Changing Times

Some of you may have noticed, the blog got a new title.  Well, there are a few reasons for this.

As I’m sure many people of noticed, my more recent posts have nothing to do with CGI.  Now, this doesn’t mean I’m not going to do CGI anymore, this just means my hobby focuses are shifting.  One thing that’s great about CGI is that it’s cheap, compared to many other hobbies.  Many hobbies require a constant inflow of currency, money spent to buy materials.  CGI is one of the exceptions.  With free software being what it is these days, you can literally start with no more out of pocket expense than a decent(ish) computer.  Of course, what you will be able to do with said computer depends on how much money you put into it.  However, even a budget laptop can be used to create models, if little else.  I believe I’ve touched on this before, but I was unemployed for quite some time.  While I was struggling to find work with an economic recession and faulty criminal background checks working against me, (common name) CGI was there for me.  With an OK computer and cheap or free software, the sky was the limit.  All it takes to make CGI models and do images, animations, etc. is time and patience, of which I had plenty.

Well, rewind to a year and a month ago (to the day) and you’re at my first day of employment at Walmart.  Say what you want, (though, if you have never worked there, don’t assume you know how it is) they pay better than similar stores in my area and it’s not bad.  Besides, I’m with good standing in the company and hoping to move up soon.  A job means money.  Money to help my parents out, who were very kind, patient and helpful during my long period of unemployment, and money to pour into things like hobbies.  One of my longest passions is Star Wars.  Some people may think I’m more of a Star Trek fan than Star Wars but, truth be told, I like both equally.  I was actually a Star Wars fan before I ever watched Star Trek.  And, of course, probably everyone’s favorite Star Wars thing is the magically powered Jedi and Sith and their weapon, the lightsaber.

Over the past few months, I’ve purchased a number of combat lightsabers from Ultra Sabers.  I have purchased seven stunt sabers, simple aluminum hilts that, when you press the activator button, a LED comes on and the blade lights up.  Now, as I said, these are combat lightsabers.  The blades are made of thick walled polycarbonate and you can actually use them to duel.  My most recent Ultra Saber, the pride and joy of my collection, is their most recent release, the Electrum Wind:

As you can see, the inspiration for this hilt is the one carried by Mace Windu in the prequel trilogy.  This is truly a gorgeous piece of machinery, and it’s my only Ultra Saber with sound.  Of course, I can duel with it, but I prefer to leave it on display because it’s so lovely. I also own a Hasbro Force FX saber that looks like Luke’s from the original film, but that’s strictly a collectible (toy.) Were I to hit anything with it with much force, it would break and I’d be out $150.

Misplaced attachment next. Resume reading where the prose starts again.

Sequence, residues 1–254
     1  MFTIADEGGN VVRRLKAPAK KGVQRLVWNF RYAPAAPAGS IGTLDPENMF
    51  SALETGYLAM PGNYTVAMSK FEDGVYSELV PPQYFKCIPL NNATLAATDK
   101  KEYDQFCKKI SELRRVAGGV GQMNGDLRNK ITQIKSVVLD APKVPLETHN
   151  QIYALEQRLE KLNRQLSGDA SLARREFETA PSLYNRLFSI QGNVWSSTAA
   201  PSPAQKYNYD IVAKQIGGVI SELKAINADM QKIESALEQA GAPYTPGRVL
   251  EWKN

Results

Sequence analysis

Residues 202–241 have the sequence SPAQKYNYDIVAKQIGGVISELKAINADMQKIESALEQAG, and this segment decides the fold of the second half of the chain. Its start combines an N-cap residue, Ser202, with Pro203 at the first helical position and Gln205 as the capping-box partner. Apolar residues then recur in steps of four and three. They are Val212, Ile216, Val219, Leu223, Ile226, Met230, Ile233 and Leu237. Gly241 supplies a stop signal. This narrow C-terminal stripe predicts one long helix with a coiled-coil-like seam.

Anyway, as people who know Star Wars know, a Jedi builds his or her own lightsaber. So, since I now have an inflow of money to do this, that is my next move in my sabering. I want to build one. Now, this is less daunting than it sounds, thanks to Ultra Sabers and The Custom Saber Shop (TCSS.) Both companies use what is called the Modular Hilt System in most of their stuff, making it easy to buy either a complete hilt body, or parts to put one together. That’s good, since I have no desire to buy a lathe and drill press to fabricate my own. Anyway, I can just buy the parts I need and install the electronics myself. I’ll start small and just build a stunt saber using one of Ultra Sabers’ inexpensive hilt bodies and electronics from TCSS. I plan to order the materials tomorrow, so look forward to that project in the near future. The reason for starting with a stunt is because, while I know how to solder and I’m good with electronics, it has been more than 20 years since I last soldered. Plus, aside from materials, I also have to buy the tools I’ll need that I currently don’t have.

After I do the stunt build, I plan to upgrade some of my existing stunts to sound capable sabers using parts from TCSS. It’s a bit trickier, which is why I’m not starting there. I also plan to make some of my more plain sabers a bit cooler looking and more personalized by drilling holes, adding knobs and other bits, and looking into doing some leather wrapping. But, all of that is for later, and it will be chronicled here. I also have some model kits to build. I still love models. And, of course, there will be CGI projects. I still do that from time to time. I have started a few things here and there, just nothing too noteworthy.

So, that’s what’s going on and what will be going on in the near future. Also, look for the blog to get an overhaul (looks wise) tomorrow.

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